(from "300 Pounds Down" Thank you, Lindsay for writing my life, too.)
When I was in the 3rd grade, we started having the Presidential Physical Fitness Test every year. My most dreaded part of all was the "600 yard dash." The first year I did this, I went out sprinting from the start. It didn't take me long to lose my breath. I can still remember sucking in cold air and trying to breathe. Before I even made it through the 2nd loop, I threw up and was pulled from the race. Looking back on it, I should have paced myself instead of trying to start the race in a sprint.
The next year I was so psychologically intimidated by the 600 yard dash that I started worrying about it several weeks in advance. I was ready to throw up days before hand, and sure enough, I did before the whistle was barely blown.
This became a regular tradition with me every year. Kids in my class would sit around making silent bets on NOT whether I would throw up, but WHEN. "Will she at least make it past the whistle blowing?"
I had some friends who were determined to help me beat this. They would willingly abandon their own race times to run along beside me, cheering me on, but making sure to get out of the way before I threw up.
Unfortunately I was never successful, and I NEVER finished the race.
My story differs from Lindsay's in several ways... First of all, I started having asthma attacks when I was in the 2nd grade. Inevitably, running the 600 brought fear into my heart, and my doctor and my mom had a fit. I had a doctor's note from that point on prohibiting me from running the 600 or any other aerobic activity that would trigger my asthma. This worked great until we moved to Lafayette, LA, where they required 4 dreadful years of PE. I brought my note from the doctor, and the teacher, (Ms. Soileau) refused to excuse me and made me run the 600. I walked most of it, but if you did it in more than 3 minutes you had to do it again the next day. I don't know if I got under 3 minutes, but I staggered up to her, wheezing audibly, and accidentally puked on her shoes. Then, I missed the next week of school with asthma. This happened the 2nd year, too, but after incidences of pukey shoes, I was excused from the run at that point.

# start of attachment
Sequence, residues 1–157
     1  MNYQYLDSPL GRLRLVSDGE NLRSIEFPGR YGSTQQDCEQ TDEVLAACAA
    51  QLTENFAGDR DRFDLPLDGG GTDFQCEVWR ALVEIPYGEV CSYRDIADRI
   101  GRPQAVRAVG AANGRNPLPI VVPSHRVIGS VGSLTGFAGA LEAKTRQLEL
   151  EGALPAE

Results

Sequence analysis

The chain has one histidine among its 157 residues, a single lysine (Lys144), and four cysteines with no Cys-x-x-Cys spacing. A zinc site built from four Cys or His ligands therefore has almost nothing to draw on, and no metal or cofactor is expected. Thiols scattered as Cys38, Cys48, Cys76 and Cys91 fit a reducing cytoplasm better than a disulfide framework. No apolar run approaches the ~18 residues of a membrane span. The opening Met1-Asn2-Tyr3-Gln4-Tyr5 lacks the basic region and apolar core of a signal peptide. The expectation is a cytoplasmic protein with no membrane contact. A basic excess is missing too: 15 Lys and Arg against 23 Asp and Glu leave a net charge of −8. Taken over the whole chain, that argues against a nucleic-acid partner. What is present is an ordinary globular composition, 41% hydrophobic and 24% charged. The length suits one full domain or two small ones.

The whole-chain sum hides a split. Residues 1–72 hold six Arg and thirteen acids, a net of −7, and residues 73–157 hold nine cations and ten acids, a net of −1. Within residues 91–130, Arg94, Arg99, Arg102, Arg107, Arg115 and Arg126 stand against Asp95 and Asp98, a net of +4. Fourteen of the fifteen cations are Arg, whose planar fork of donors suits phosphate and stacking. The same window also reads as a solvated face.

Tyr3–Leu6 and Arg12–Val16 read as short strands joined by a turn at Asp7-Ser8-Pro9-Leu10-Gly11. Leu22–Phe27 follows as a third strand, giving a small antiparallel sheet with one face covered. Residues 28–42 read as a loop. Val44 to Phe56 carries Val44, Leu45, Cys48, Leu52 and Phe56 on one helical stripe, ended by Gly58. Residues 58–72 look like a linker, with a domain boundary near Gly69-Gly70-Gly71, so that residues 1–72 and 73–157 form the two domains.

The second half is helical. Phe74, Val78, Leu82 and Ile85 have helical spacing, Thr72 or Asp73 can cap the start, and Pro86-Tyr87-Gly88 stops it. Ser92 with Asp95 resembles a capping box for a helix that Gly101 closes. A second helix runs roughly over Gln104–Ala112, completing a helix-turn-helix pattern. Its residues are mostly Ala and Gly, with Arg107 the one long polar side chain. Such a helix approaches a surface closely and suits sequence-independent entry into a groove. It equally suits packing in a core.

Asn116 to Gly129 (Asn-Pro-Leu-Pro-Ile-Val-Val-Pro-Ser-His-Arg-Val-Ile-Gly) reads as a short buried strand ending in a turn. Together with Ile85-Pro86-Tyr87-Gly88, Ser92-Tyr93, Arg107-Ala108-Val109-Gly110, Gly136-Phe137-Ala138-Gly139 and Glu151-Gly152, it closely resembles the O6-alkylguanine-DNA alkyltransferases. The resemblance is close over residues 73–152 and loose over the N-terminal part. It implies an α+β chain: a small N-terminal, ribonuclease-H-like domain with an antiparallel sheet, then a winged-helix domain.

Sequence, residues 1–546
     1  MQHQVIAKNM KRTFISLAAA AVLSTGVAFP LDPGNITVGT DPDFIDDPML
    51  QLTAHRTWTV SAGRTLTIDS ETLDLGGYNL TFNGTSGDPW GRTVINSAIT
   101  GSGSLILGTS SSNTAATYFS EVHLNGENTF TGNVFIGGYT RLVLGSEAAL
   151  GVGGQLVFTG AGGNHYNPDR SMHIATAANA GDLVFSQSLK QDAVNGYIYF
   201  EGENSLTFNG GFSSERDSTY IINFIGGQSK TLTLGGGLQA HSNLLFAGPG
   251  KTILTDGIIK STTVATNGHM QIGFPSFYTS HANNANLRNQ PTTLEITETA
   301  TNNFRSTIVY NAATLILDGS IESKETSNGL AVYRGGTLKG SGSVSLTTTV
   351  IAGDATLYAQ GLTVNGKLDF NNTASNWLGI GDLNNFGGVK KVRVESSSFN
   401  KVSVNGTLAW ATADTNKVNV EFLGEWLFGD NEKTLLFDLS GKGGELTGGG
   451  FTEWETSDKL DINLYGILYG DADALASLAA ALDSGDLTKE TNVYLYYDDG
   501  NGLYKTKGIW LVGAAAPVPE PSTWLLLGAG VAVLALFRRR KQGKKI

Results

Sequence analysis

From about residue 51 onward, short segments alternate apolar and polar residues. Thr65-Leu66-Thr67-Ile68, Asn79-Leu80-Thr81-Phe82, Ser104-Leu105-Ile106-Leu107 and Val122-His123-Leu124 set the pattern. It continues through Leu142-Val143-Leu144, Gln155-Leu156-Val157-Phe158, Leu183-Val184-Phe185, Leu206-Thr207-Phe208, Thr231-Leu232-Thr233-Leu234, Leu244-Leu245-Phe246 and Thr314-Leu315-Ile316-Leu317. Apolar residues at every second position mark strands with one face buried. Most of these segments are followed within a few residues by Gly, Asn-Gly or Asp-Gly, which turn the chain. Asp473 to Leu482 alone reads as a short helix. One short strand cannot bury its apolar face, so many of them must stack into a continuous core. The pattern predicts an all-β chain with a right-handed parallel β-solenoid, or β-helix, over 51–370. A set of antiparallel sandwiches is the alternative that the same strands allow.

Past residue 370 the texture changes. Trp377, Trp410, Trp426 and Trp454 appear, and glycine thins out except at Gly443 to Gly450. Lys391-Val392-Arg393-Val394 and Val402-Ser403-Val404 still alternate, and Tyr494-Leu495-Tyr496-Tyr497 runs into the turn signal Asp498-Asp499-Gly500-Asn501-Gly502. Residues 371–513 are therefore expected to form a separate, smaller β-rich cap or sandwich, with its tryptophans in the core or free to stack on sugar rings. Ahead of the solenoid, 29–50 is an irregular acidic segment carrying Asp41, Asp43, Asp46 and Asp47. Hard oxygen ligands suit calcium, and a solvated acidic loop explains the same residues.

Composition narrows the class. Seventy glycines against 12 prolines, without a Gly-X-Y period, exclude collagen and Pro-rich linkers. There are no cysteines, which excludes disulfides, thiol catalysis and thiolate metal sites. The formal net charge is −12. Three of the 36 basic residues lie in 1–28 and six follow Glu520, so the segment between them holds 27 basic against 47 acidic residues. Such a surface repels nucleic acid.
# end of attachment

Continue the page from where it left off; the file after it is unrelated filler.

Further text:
Since then, I have had asthma on and off for years, and I have used it as an excuse for not exercisng. Finally, at my weight, it became a reality, even in water aerobics.
I want to lose this weight, to be able to take a walk with my husband, to go to water aerobics and make new friends.
It will not be a sprint for me, but a journey... there is no running fast to get to the end quicker, because there will be no end. My eating habits will change forever.
I need a new me.